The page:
Getting started with type:A
Are antiperspirants and typical deodorants unsafe?
Our skin is our largest organ and absorbs whatever we slather onto it and our underarms, in particular, are a sensitive area full of nodes, glands, and arteries. So, when it comes to the antiperspirant or deodorant we use every day, we want to make sure EVERY ingredient is non-toxic.
The problem is that regulation of toxic ingredients used in personal care products in the US is practically non-existent. For makers of personal care products, it's at the company's discretion to decide if an ingredient is safe. Many deodorants and antiperspirants available today contain ingredients that are proven or thought to be harmful to human health. Even worse, some ingredients either don't have any safety data available or have never been tested for toxicity.
Both Canada and the European Union have banned or restricted hundreds of ingredients from use in personal care products because of specific hazards like cancer, developmental toxicity and hormone disruption. However as US consumers, we have to be extra vigilant to protect our exposure.
Why might aluminum in deodorant or antiperspirant be unhealthy for me?
There's a lot of buzz about the negative effects of aluminum (the active ingredient in antiperspirant) and unfortunately, not a lot of certainty. Here's what we do know: in order to be called an antiperspirant in the US, the FDA requires using one of several specific aluminum salt compounds.Aluminum salts work by plugging the sweat ducts under your arms thereby keeping you dry and odor free. The most commonly used forms are aluminum chloride, aluminum chlorohydrate, or aluminum zirconium.
Some studies suggest that exposure to aluminum in antiperspirants could lead to an increased risk of Alzheimer's disease or cancer. While it is worth noting that none of these studies have been conclusive in determining a direct 1:1 correlation to disease, further research needs to be done on the cumulative effect of toxin exposure over time and its role in triggering disease.
And, by the way, sweating is good for you! It's how your body expels excess hormones and other toxins. When you use an antiperspirant, it forces your body to reabsorb what should be emitted as waste. In some breast cancer research, it's been suggested that using antiperspirant disrupts that natural endocrine function, elevating estrogen levels that can contribute to breast cancer in some people.
The good news is that there are now safer ways to prevent body odor and protect against wetness.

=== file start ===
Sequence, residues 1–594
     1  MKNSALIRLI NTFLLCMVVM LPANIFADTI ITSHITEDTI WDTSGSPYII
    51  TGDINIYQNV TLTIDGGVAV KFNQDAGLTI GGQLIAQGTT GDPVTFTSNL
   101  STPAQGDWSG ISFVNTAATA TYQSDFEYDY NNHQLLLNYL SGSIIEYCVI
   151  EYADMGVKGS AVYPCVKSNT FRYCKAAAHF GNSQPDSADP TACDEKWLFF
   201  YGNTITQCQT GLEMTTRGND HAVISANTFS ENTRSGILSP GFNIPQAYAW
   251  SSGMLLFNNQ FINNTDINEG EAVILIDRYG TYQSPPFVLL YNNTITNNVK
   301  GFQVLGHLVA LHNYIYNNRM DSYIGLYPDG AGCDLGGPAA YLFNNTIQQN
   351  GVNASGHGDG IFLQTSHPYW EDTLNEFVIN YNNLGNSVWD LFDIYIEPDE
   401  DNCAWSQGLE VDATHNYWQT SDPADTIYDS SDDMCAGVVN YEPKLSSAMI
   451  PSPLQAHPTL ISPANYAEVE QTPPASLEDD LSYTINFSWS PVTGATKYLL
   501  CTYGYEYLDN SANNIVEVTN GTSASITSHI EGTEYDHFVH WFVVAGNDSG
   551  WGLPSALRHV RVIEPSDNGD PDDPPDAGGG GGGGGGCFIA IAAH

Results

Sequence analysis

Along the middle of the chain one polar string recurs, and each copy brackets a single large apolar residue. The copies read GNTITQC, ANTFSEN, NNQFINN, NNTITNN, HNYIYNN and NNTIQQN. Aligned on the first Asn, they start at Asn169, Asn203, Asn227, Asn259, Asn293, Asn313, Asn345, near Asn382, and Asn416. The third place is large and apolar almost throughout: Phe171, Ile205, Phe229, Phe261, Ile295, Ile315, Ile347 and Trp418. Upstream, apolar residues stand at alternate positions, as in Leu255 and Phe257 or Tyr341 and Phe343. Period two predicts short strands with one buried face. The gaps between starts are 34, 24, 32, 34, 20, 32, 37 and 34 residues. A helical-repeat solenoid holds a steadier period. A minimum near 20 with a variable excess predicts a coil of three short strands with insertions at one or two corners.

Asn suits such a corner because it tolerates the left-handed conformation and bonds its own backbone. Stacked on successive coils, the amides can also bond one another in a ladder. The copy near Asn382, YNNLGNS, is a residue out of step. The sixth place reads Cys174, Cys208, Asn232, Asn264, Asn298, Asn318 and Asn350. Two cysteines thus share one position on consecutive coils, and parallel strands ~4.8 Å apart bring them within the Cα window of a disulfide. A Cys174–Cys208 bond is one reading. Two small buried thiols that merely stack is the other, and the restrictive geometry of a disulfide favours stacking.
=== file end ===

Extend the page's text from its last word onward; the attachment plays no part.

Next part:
Is type:A an antiperspirant?
In the US, an antiperspirant refers to a formula that stops sweating entirely by plugging ducts with specific aluminum salt compounds. Our formula does not contain these compounds and does NOT stop you from sweating. However, our sweat-activated formula does protect against wetness. We’ve had rave reviews from a lot of self-proclaimed ‘big-time sweaters’ who have been surprised at the wetness protection with type:A.
Is type:A a natural deodorant?
type:A has been developed to be a 100% safe and non-toxic deodorant. We’re not an “all-natural” deodorant - while we have some amazing high-performance natural active ingredients, we embrace safe synthetic and clean ingredients in our formula as well. By putting ingredient safety first (above natural), it opens up more possibilities for advanced formulation technologies that result in better performance.
Will my body need time to adjust after switching from an antiperspirant to type:A?
Maybe you've heard the rumors about a super-sweaty detox period when going aluminum free? After years (or decades) of having your sweat ducts plugged up by the aluminum salts in antiperspirants, your body needs to recalibrate and get used to sweating again. But, don’t worry, we’re here to keep you protected during the transition!
During this 'detox' period - which typically lasts about 2 weeks - you may find yourself sweating more and notice a different, pungent odor from your sweat. Be consistent and try not to revert back to your old antiperspirant during the detox, as it will make it harder for your body to fully adjust.
To help the detox along, you may want to try a charcoal or clay mask under your arms, or a mild acid-based facial toner, and giving your skin a little extra love with some extra virgin coconut oil or Manuka honey as an overnight treatment. The good news is that once the transition is complete, many people tell us that they sweat less overall!